What I found in a brown paper bag


My decision to self-publish was found in a brown paper bag

“Could there be some silent audience eagerly awaiting his new novel? Some hidden force unrecognized by the publishing and critical world of New York City, which, like an orbiting space station, looks upon the rest of America without ever interacting with it?

-excerpt from Less is Lost by Andrew Sean Greer

I can’t help feeling that the space has contracted, that our national
literature has been reduced. We live in a nation of 3.8 million square miles. The Big Five
publishing houses are located within a few subway stops of each other in Manhattan; that
rich island which represents 0.000887 percent of our country’s surface. This is not benign.
Our literary culture has distended and warped by focusing so much power in a singular place, by crowding the gatekeepers into a small ditch of commerce. A review in the Times trumps
everything else. You can’t tell me that this doesn’t affect what is, finally, bound into books,
marketed, and sold. Which designates what can be said and how one says it. Why do we cede
American letters to a handful of corporations that exist on a single concrete patch?”

Matthew Neill Null

Big Five or self-publish?

The top except is from a novel I’m reading entitled Less is Lost. I read it and laughed out loud. The quote stayed with me and hours later, I found myself digging into my archives to find the syllabus from a class I took at the Indiana Writer’s Center about five years ago called, The Basics of Self-Publishing, taught by local YA author Robert Kent. The second excerpt is from that class.

I may not have followed up on the top excerpt if I hadn’t just put my second novel out on Amazon and Ingram Spark. I resist using the word publish in relation to Amazon and Spark because they are platforms, internet shelf space, static things. They do not align with any active verb. When you chose to self-publish, you very much self publish.

After two novels, I wouldn’t have it any other way.  However, looking back, I chose the path of self-publishing, author-directed publishing, or what ever you like to call it because of a brown paper bag. It’s true. Was is the most rational, emotion free decision I’ve ever made? Probably not.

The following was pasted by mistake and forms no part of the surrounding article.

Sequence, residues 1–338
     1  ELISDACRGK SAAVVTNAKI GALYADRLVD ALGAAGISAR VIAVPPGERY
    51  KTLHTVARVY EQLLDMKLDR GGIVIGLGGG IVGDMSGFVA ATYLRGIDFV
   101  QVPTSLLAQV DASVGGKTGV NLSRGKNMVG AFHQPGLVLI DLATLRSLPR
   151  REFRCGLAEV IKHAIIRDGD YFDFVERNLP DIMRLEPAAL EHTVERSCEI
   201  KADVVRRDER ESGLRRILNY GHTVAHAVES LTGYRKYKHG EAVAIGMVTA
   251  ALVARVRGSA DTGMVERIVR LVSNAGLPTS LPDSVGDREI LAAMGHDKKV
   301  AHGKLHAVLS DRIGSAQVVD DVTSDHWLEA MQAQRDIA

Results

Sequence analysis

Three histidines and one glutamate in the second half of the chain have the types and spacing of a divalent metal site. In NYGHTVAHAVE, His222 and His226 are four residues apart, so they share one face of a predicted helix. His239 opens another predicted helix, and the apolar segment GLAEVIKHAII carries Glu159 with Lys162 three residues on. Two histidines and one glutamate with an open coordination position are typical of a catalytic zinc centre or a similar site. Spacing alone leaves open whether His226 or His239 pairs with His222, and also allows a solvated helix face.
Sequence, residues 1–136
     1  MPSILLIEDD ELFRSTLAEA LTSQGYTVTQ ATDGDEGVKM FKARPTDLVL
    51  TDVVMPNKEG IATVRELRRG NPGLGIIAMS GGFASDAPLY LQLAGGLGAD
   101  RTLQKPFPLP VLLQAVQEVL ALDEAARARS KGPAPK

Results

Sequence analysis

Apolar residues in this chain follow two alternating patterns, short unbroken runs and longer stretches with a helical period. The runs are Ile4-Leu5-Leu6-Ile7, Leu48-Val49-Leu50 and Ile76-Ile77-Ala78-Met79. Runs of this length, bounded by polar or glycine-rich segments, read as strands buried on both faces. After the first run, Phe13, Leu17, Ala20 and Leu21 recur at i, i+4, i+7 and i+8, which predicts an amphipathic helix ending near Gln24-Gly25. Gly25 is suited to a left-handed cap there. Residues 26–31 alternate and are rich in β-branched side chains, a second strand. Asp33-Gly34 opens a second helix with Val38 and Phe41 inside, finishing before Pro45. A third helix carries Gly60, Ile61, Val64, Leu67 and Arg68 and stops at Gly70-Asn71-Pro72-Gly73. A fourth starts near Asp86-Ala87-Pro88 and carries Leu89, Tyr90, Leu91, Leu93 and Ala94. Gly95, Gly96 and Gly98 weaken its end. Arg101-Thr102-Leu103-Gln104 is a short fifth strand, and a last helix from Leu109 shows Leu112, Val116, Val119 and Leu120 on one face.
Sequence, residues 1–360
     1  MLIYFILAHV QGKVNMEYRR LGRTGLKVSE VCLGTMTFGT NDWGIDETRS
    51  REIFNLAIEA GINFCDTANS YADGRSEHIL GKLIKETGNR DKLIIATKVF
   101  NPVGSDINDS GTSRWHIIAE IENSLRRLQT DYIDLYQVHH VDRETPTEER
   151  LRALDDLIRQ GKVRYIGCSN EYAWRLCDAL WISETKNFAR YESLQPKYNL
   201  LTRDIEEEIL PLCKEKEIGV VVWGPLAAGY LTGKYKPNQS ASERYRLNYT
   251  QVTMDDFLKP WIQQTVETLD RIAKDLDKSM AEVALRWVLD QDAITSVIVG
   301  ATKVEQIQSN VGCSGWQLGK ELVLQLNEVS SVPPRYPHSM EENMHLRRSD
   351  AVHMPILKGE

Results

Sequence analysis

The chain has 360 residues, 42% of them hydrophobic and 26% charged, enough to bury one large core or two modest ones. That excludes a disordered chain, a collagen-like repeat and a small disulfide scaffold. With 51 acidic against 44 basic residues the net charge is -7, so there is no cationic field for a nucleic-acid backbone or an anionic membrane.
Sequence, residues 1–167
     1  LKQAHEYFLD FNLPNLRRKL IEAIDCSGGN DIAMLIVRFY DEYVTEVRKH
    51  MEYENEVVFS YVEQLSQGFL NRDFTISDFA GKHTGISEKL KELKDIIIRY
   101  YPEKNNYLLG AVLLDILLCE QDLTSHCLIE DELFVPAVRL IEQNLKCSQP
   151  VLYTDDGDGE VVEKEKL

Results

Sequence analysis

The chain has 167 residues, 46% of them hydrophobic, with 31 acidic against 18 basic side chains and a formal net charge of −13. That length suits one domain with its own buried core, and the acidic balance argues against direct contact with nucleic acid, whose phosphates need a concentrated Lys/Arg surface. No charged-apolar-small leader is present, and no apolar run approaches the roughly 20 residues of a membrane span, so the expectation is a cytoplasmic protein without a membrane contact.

The Big Five publishing houses are:


One critical element that I feel is missing from the Null quote is that the folks at the Big Five are folks whose jobs depend on the books they chose to publish. Because it is their job to sell books. Why risk delivering subs on a bike in mid-town Manhattan for your novel?

This seems familiar

Years ago I was trying to get my first novel Tripio published via the traditional method. It was what I knew, what I was supposed to do. All you writers out there know it: query letters, find an agent, submit, submit, submit. It didn’t take long for me to see this as another job search. Searching for a job you knew you could do when you needed it, really needed it.  If you haven’t’ been in that position, consider yourself fortunate.

Here is that part where I expect you think me a little wacky. Well before I could even think about sitting down for five minutes a day, let alone writing a novel, I was laid off. Sent home jobless, over a Christmas season with four young kids at home. Laid the fuck off.

Have yourself a merry little Christmas

I will always remember a neighbor, two days before that Christmas bringing us shampoo, bar soap, toothpaste. The neighbor had been in similar position a few years ago and offered the brown paper bag full of necessities as a gift, not charity, not as a label that said she thought my family’s situation was hopeless. The brown paper bag was filled with practical things, which my kids, wife, and I all used over the Holidays that year.

So when I started looking for agents, submitting to publishers, it brought all this back. I had spent way too much time writing cover letters, filling out applications, submitting access to my livelihood to people whose livelihood depended on a decision they made. Hire that guy. Sell a book. It is a process too much like that of a writer hoping to get noticed by a publishing house.

The cat is out of the bag

I looked for a different option. One I hoped would be more transparent, less subjective. After a bit I found the alternative universe of Self-Publishing.

Was this an abstract thought process? One made without emotion? No. First of all there is no such thing. No. I recognize that. I even understand that one day I may sign with a Big 5 house and look back on all this shaking my head, knowing better, knowing I was being foolish.

But I doubt it.

Is inbred too strong a word?

Comment now or think it over-both would be appreciatiated.

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